Highlights Vol 24, No. 11 - November 2020

The place we call home matters when we grow old

Our world is rapidly growing older. As we age, where and how we live and what support we are given, matter greatly for our health and wellbeing. Living arrangements and family support for older persons have become increasingly important for policymakers, especially in countries at advanced stages of population ageing. Understanding these links also matters for the world’s pledge to leave no one behind.

The world’s population is ageing due to increasing life expectancy and falling levels of fertility. According to the latest estimates from UN DESA’s Population Division, the share of population aged 65 years or over is expected to increase globally from 9.3 per cent in 2020 to around 16 per cent in 2050. Since women on average live longer than men, they comprise the majority of older persons, especially at advanced ages.

The living arrangements of older people determine their economic well-being as well as their physical and psychosocial health and life satisfaction. Older persons living alone or in institutions have higher overall mortality risks than those living with a spouse or other family members.

Where and how older persons reside also has important economic, social and environmental implications. In particular, the number of independent households affects the demand for housing, social services, energy, water and other resources.

As the world is facing the threat of COVID-19, older persons are at much higher risk of dying from the virus than younger persons. Advanced age and the presence of underlying health conditions affecting the cardiovascular, respiratory and immune systems are associated with an increased risk of severe illness or death.

Mitigating the impact of COVID-19 on the older population will require continued efforts to curb the spread of the virus and to put in place measures to protect the most vulnerable segments of the population — for example, older persons with pre-existing conditions and those who reside in institutions — from exposure to the disease.

Keeping the promise to leave no one behind means that the Sustainable Development Goals (SDGs) must be achieved for all segments of society and at all ages, with a particular focus on the most vulnerable, including older persons.

Get the latest trends on ageing from UN DESA’s World Population Ageing 2020 Highlights.

Photo: UN DESA/Karoline Schmid

Everyone included – championing social inclusion

“People want social and economic systems that work for everyone,” UN Secretary-General António Guterres said earlier this summer. “The response to the pandemic, and to the widespread discontent that preceded it, must be based on a New Social Contract and a New Global Deal that create equal opportunities for all and respect the rights and freedoms of all.”

But we still have a long way to go. Even before COVID-19 started ravaging nations across the globe, the World Social Report 2020 confirmed that inequality has increased in most developed countries and remains very high in developing countries.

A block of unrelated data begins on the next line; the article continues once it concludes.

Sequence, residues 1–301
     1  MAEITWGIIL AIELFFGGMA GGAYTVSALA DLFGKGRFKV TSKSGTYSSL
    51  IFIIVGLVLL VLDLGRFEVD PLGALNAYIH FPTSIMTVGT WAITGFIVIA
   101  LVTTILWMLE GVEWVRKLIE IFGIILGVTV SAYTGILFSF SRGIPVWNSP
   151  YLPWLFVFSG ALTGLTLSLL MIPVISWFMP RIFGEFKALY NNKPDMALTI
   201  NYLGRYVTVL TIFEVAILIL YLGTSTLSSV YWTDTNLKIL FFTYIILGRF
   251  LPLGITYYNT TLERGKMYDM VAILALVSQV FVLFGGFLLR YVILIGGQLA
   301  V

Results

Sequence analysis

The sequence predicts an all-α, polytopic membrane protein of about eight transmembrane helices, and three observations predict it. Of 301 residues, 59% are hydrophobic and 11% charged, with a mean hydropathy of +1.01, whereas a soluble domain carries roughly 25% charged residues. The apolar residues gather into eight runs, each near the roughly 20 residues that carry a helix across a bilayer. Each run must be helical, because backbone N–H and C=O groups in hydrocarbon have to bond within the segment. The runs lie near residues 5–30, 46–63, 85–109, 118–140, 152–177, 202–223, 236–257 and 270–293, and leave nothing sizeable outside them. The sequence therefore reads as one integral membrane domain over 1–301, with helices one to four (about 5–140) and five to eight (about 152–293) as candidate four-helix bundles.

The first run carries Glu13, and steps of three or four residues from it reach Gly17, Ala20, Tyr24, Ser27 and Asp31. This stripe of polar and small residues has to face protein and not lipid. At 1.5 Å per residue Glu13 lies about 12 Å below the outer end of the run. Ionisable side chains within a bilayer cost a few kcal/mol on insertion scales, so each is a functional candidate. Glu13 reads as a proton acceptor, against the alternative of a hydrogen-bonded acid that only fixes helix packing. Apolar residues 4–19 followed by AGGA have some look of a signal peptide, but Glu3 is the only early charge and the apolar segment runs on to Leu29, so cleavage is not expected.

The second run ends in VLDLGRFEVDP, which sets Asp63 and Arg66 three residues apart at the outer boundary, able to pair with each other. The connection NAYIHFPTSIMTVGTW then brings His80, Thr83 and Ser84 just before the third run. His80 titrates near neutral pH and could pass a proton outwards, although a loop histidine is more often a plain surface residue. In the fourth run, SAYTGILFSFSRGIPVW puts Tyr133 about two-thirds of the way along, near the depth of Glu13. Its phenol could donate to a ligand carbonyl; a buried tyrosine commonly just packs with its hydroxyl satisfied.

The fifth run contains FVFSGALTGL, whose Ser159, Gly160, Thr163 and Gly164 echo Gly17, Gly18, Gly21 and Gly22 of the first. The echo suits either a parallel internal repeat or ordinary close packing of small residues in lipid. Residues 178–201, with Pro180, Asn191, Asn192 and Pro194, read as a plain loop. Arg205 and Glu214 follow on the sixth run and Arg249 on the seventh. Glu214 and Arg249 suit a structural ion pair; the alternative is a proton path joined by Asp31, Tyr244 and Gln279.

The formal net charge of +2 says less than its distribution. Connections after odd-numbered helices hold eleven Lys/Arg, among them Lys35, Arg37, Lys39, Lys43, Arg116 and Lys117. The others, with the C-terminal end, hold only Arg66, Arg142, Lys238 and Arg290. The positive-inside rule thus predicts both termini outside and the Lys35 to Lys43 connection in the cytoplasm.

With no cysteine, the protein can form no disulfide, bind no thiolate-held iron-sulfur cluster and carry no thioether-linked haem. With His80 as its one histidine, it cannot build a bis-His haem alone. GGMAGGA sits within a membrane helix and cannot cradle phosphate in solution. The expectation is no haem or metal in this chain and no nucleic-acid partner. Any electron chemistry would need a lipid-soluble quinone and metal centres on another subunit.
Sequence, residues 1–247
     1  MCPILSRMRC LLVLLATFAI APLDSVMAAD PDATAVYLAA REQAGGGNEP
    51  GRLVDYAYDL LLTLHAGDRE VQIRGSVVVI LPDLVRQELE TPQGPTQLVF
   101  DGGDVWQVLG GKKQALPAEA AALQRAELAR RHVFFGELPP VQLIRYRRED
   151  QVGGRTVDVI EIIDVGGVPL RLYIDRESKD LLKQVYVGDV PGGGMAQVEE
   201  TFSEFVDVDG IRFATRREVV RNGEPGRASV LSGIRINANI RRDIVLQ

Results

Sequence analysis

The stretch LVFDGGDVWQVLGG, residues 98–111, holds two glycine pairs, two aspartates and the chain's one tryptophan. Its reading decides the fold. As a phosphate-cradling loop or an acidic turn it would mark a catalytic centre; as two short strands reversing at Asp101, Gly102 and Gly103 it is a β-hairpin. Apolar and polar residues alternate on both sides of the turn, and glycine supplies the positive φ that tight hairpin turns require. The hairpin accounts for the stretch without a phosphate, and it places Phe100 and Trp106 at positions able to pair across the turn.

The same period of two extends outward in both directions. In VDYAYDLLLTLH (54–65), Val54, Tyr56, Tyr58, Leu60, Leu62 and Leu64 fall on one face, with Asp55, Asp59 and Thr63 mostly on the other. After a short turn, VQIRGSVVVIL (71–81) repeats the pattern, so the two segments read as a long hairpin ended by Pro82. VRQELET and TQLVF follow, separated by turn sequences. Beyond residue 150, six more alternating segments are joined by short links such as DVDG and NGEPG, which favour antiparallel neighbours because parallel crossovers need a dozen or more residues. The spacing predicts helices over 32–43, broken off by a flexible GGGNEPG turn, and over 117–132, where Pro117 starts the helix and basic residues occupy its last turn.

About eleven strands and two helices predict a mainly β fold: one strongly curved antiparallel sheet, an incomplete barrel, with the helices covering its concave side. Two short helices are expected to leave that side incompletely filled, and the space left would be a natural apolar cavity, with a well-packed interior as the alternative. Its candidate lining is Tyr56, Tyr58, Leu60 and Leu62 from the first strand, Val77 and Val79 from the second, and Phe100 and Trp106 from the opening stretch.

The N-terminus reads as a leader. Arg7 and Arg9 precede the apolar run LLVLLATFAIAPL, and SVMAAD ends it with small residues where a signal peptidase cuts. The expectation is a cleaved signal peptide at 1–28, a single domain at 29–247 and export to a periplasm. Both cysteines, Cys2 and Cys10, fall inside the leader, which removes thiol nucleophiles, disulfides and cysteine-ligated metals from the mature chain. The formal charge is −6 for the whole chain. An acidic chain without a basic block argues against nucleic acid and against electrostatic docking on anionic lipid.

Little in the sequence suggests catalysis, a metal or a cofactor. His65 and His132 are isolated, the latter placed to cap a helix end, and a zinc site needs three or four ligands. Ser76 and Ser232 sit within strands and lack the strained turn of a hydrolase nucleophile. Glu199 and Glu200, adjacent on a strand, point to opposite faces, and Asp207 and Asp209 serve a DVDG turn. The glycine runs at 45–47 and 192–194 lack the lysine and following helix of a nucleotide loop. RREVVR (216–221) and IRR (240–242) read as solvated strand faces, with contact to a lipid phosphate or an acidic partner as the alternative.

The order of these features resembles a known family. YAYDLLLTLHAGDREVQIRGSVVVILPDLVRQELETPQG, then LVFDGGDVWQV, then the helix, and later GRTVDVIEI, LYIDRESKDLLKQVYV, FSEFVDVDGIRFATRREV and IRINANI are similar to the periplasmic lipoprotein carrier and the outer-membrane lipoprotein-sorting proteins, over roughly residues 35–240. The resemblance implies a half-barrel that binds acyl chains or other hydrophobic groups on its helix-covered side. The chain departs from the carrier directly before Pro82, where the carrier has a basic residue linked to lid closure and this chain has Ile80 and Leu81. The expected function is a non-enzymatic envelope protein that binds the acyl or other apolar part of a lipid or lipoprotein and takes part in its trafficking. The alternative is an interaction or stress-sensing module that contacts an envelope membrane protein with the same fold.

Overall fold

The coronavirus pandemic has now turned into a multi-faceted crisis, affecting people across regions. The virus has exposed the weakness of national health systems due to many years of under-investment, inadequacy of social protection systems and the acute vulnerability of marginalized communities and people living in poverty. It has reaffirmed the need of putting people at the center of development to address existing inequality in opportunity and access to health care, quality education, food, sustainable energy, clean drinking water and sanitation, adequate housing, digital technologies, and employment.

Aspirations to ‘place people at the centre of development, ensuring full participation by all’ are not new. They were shaped 25 years ago when the Copenhagen Declaration on Social Development and its Programme of Action were adopted at the World Summit for Social Development (WSSD) in Copenhagen. Guiding multilateral action on social development ever since, the Declaration represented a unique consensus on three key objectives: eradicating poverty, promoting full and productive employment, and fostering social inclusion.

As this year marks the 25th anniversary of this landmark event, the international community has an opportunity to reset inclusive social policies and to help countries recover better and with greater resilience to meet future challenges.

UN DESA will celebrate the anniversary on 1 December 2020 with a high-level General Assembly event, which will enable actors to renew their commitments to social development in support of the global goals and the world’s pledge to leave no one behind.

Learn more about the event and anniversary here  and join us on social media using the hashtag #EveryoneIncluded.

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